Director: Robert Eggers
Screenplay: Robert Eggers
Starring: Anya Taylor-Joy, Ralph Ineson, Kate Dickie, Harvey Scrimshaw
Runtime: 93 Minutes
Robert Egger’s directorial debut, The Witch, is something that even the most seasoned of horror fans may find difficult to digest in some regard. Not out of visceral disturbance, or even the density of its authentic 17th century dialogue, but because the manner in which Eggers has chosen to tell this story of a Puritan family being terrorised by an unknown spectral presence is so serious, dark and hauntingly sincere that the miracle of its straight-faced demeanour makes the film’s very presence feel like a taboo is being broken before our eyes.
Much like The Exorcist, which takes its subject matter of demonic possession with a deliberate sense of honesty and thoughtfulness, from the opening scenes, the witch of the title becomes one of the film’s most startling revelations; it’s real. An actual, cackling, baby snatching, broom flying, Satan-worshipping crone. From this moment on, The Witch descends into what can only be described as a living nightmare for both the family at the centre, unaware of the genuine danger they are facing, and the audience in their utter powerlessness to warn them.
Egger’s screenplay is thick with allegory and historical authenticity, it feels like a lived-in world in which the interpretations of these characters will be met by what people chose to bring to it. It is as faithful a translation of Puritan belief systems to screen as any film has fully accomplished. So compelling are the conflicts at the centre of the drama that the film could be viewed less like a traditional horror film, and more like a document which is slowly devoured and distorted at the edges by the mythic folklore that it’s unshakably bound to.
The bloodcurdling horror of The Witch comes from the nature of the situation that this family are facing, and not the frightful tactics of its shockingly suited director. The rot at the heart of this family, driven from their own society due to their uncomfortable mania surrounding sin, seems to be the very thing that is drawing the witch towards them. Evil is something that soaks into the film through the presentation of its deathly landscape, infecting the homestead of a family doomed from the moment they enter the wilderness.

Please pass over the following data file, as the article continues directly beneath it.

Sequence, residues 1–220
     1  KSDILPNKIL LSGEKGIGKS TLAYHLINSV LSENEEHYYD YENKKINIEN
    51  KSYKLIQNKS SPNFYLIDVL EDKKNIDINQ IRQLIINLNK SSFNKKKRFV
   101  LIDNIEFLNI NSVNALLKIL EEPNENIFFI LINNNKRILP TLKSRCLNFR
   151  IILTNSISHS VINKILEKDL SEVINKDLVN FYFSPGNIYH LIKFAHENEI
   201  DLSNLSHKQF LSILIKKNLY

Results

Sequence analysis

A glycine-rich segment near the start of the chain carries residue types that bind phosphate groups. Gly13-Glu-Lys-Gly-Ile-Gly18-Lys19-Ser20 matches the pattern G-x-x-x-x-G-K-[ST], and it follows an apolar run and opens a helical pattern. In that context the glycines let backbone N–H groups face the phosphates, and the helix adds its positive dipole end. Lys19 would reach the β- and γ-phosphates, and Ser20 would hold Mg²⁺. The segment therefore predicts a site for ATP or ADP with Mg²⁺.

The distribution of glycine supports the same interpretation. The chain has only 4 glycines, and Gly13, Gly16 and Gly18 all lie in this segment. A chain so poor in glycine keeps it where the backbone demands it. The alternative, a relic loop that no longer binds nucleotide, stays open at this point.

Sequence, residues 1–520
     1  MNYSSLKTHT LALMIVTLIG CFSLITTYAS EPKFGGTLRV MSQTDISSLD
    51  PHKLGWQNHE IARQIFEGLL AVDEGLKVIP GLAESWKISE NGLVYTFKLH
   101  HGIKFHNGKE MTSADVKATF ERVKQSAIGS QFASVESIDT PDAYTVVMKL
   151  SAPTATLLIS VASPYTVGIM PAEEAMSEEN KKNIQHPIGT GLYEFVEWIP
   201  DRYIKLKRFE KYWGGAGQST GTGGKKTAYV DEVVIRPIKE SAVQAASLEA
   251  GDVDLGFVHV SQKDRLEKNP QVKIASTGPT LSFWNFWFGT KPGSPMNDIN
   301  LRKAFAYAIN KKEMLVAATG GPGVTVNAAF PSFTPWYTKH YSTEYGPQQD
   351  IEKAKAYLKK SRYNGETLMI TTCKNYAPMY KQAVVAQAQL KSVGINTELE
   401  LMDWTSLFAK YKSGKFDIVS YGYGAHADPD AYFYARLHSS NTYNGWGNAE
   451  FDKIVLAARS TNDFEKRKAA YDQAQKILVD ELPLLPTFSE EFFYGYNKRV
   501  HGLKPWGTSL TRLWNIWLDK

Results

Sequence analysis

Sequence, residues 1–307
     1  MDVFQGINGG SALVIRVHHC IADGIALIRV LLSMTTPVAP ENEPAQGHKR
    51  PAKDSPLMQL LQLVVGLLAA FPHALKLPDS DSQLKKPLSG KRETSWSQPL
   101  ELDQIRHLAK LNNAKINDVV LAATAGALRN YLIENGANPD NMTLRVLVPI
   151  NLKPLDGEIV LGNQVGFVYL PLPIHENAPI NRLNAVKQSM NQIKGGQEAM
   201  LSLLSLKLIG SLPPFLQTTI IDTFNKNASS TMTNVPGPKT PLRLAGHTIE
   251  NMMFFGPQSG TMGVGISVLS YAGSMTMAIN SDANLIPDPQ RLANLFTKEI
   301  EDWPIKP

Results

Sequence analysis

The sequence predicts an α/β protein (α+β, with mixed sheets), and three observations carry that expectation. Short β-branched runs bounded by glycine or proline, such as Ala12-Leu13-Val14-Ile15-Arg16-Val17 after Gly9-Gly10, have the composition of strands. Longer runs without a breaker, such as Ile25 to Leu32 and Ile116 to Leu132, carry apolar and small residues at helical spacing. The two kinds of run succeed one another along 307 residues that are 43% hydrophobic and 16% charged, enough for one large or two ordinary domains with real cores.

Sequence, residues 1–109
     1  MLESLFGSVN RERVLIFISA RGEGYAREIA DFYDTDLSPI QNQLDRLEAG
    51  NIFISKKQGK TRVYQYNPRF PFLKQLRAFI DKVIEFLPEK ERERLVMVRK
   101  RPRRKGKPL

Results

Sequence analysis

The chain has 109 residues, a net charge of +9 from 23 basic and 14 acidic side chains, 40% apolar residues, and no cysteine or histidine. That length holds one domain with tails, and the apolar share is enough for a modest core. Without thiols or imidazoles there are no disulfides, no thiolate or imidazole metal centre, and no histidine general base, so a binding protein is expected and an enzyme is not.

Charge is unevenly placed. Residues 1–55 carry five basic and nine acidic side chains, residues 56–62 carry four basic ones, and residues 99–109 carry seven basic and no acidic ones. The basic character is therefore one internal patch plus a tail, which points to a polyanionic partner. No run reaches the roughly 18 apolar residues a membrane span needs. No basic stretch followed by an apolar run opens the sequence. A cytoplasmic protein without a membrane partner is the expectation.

The atmosphere of the film is one of constant dread that something terrible could befall them at any moment, calmed only by moments of sheer alarm when the unseen menace rears its head in new and unsettling ways, and Egger’s direction at these specific instances is skin crawling. Its dour cinematography gives its picturesque frames a dirty realism, a sense of hopelessness matched by its irregular editing techniques and unhinged score by Mark Korven. Populated by animals of varying function, there’s an indisputable impression being given of eyes everywhere watching this family. From the most worrisome looking rabbit that keeps evading capture, to Black Phillip, a show-stealing goat of inexpressible creepiness who may or may not be the most malevolent presence in the entire film.
Though the performances from the native Ralph Ineson and Kate Dickie as the addled parents are played with growling, panic-stricken ease, it’s the children of the piece who really come into their own. The young Harvey Scrimshaw as the eldest son, Caleb, delivers some astonishing work in the second act, as do the young terrors that portray the tormenting young twins with spectacular range for their age. But the film really belongs to newcomer Anya Taylor-Joy as the eldest daughter, Thomasin, who like her brother is coming of age in an environment where any shred of natural desires will be decried as an act of weighted sin. She’s a wonderful presence who sells the transformation beautifully as she comes to terms with the incapability of their prideful father to provide for them, and the nature of her faith being sustained in this site of spiritual desolation.
The final act of the film, in particular it’s ending, is a pill that some will find hard to swallow. But given The Witch’s candour, its excellence in presentation and its nigh-faultless screenplay and technical ability, it’s an experience that works its way under your skin in the most subtle of ways. Defiantly delivering on its destined promises without a single breath withheld, it’s one of the most characteristic, exquisite and uncomfortable films in its respected genre that will haunt you through till the early hours.